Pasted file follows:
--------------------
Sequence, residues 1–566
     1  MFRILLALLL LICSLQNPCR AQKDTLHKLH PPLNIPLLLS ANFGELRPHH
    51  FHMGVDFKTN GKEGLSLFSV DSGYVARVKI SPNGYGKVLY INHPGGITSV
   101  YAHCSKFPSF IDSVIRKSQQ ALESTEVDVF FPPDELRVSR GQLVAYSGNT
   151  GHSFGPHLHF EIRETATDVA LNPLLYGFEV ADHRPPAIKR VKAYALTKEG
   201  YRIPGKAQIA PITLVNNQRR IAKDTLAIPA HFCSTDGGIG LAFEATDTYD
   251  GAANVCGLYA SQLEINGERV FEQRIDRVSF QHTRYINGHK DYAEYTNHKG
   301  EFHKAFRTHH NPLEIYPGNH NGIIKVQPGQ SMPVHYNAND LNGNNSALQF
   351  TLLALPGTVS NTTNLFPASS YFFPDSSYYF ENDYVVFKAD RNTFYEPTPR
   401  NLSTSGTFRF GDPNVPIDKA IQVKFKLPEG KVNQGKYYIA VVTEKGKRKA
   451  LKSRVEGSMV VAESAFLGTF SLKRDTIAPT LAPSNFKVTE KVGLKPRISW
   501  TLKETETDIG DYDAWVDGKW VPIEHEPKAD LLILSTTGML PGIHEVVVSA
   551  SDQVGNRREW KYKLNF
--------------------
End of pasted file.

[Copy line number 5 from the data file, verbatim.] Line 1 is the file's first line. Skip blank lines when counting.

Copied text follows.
   151  GHSFGPHLHF EIRETATDVA LNPLLYGFEV ADHRPPAIKR VKAYALTKEG